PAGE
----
The control of total blood volume is extremely important in regulating arterial pressure. Because changes in total blood volume lead to changes in central blood volume, the long-term influence of blood volume on ventricular end-di-astolic volume and cardiac output is paramount. Cardiac output, in turn, strongly influences arterial pressure. Hormonal control of blood volume depends on hormones that regulate salt and water intake and output as well as red blood cell formation.
Reduced arterial pressure and blood volume cause the release of renin from the kidneys. Renin release is mediated by the sympathetic nervous system and by the direct effect of lowered arterial pressure on the kidneys. Renin is a proteolytic enzyme that catalyzes the conversion of an-giotensinogen, a plasma protein, to angiotensin I (Fig. 18.5). Angiotensin I is then converted to angiotensin II by angiotensin-converting enzyme (ACE), primarily in the lungs. Angiotensin II has the following actions:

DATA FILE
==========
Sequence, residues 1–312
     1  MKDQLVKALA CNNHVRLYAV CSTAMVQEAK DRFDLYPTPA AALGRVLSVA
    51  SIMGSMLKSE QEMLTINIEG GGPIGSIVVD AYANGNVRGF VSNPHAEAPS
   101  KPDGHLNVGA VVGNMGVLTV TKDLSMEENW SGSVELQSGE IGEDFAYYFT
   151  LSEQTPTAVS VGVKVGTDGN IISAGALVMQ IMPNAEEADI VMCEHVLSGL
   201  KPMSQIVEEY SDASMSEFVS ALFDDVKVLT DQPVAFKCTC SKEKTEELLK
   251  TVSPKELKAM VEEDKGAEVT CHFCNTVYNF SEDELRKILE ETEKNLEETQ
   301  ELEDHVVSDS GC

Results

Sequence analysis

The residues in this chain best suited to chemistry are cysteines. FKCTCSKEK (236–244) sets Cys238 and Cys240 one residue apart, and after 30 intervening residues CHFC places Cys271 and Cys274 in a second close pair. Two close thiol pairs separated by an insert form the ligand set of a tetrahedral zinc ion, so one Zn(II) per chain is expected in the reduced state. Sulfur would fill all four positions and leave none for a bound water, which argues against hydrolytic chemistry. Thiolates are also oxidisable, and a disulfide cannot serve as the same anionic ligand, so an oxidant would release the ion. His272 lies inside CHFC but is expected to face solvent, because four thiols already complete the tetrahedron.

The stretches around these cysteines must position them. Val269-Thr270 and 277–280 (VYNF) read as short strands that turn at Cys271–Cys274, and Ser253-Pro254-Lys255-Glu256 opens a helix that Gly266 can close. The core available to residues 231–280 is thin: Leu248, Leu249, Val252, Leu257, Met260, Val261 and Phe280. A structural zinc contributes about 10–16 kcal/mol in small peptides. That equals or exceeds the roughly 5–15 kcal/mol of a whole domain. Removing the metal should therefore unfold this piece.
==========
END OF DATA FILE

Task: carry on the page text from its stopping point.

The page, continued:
• It is a powerful arteriolar vasoconstrictor, and in some circumstances, it is present in plasma in concentrations sufficient to increase SVR.
• It reduces sodium excretion by increasing sodium reabsorption by proximal tubules of the kidney.
• It causes the release of aldosterone from the adrenal cortex.
• It causes the release of AVP from the posterior pituitary gland.
Angiotensin II is a significant vasoconstrictor in some circumstances. Angiotensin II directly stimulates contraction of vascular smooth muscle and also augments NE release from sympathetic nerves and sensitizes vascular smooth muscle to the constrictor effects of NE. It plays an
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This ebook provides an introductory explanation of the workings of the human body, with an effort to draw connections between the body systems and explain their interdependencies. A framework for the book is homeostasis and how the body maintains balance within each system. This is intended as a first introduction to physiology for a college-level course.